EP2145424B1 - Method for pushing content to mobile devices - Google Patents

Method for pushing content to mobile devices Download PDF

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Publication number
EP2145424B1
EP2145424B1 EP08748253.5A EP08748253A EP2145424B1 EP 2145424 B1 EP2145424 B1 EP 2145424B1 EP 08748253 A EP08748253 A EP 08748253A EP 2145424 B1 EP2145424 B1 EP 2145424B1
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EP
European Patent Office
Prior art keywords
content
plurality
target mobile
mobile
mobile devices
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EP08748253.5A
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German (de)
French (fr)
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EP2145424A4 (en
EP2145424A1 (en
Inventor
Michael Leblanc
Jody D. Glidden
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BlackBerry Ltd
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BlackBerry Ltd
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Priority to US92773807P priority Critical
Priority to US93767307P priority
Application filed by BlackBerry Ltd filed Critical BlackBerry Ltd
Priority to PCT/CA2008/000851 priority patent/WO2008134880A1/en
Publication of EP2145424A1 publication Critical patent/EP2145424A1/en
Publication of EP2145424A4 publication Critical patent/EP2145424A4/en
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Publication of EP2145424B1 publication Critical patent/EP2145424B1/en
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    • HELECTRICITY
    • H04ELECTRIC COMMUNICATION TECHNIQUE
    • H04LTRANSMISSION OF DIGITAL INFORMATION, e.g. TELEGRAPHIC COMMUNICATION
    • H04L67/00Network-specific arrangements or communication protocols supporting networked applications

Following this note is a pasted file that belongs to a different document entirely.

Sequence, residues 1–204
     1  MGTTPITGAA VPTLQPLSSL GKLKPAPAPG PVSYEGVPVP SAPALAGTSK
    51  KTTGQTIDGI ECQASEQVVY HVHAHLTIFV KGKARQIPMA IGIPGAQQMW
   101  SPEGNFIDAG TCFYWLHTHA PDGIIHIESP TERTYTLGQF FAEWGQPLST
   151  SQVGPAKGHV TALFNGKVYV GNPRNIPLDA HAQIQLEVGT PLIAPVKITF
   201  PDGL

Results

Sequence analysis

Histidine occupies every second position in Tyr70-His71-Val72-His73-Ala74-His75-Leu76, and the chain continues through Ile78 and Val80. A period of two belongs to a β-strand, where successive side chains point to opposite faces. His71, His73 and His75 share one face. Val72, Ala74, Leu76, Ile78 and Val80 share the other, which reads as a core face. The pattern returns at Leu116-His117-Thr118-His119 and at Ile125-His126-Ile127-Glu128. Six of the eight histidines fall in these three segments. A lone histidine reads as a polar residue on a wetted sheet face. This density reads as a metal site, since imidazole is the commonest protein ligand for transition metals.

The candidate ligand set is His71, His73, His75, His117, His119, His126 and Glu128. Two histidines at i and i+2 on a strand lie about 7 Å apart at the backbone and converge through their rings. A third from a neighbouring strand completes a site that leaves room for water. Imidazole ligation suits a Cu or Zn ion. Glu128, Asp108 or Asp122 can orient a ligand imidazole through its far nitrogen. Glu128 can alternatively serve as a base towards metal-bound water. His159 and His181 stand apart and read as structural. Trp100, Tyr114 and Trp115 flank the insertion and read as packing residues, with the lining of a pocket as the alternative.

• H04L67/26Push based network services

Description

    Technical Field
  • The invention relates to the field of delivery of content such as graphics, audio and video to mobile devices.
  • Background
  • Mobile content authoring systems exist in the market today. These are used in conjunction with learning management systems or content management systems to allow an author to create mobile content, assign it to a user and track its usage. The main problem is that once the content is created and assigned to users, it is typically stored on a central server. Users with mobile devices are required to access this central server, authenticate themselves, and then retrieve/download the content for viewing. They must be online to retrieve and view the content. They must also remain online while viewing the content. Network latencies in retrieving large content files, such as video files, are apparent as the user is waiting for them to download while viewing. There are other models where a user utilizes their computer's desktop software to pull down the content, and then the desktop software sends the content to a connected mobile device for playback. Playback can occur in these environments even if the device has no network connectivity. No usage tracking, which is particularly important for training systems, can occur in this model.
  • Notifications are typically sent to the mobile users via email to tell the user that there is new content available for them. They must then access the server when they are online to get to the content. This is how mobile content players function in general when part of a central authoring, publishing, and tracking system. They need to access a server, then initiate a download / pull of the content. This is always user initiated on the device. This is essentially a mobile web browser/ web server model. There are no provisions to run the content located on a central server offline (i.e. when there is no network coverage, such as on an airplane for example) and have the player smart enough to know that it is offline and should track progress locally offline and then synchronize when the user comes online again.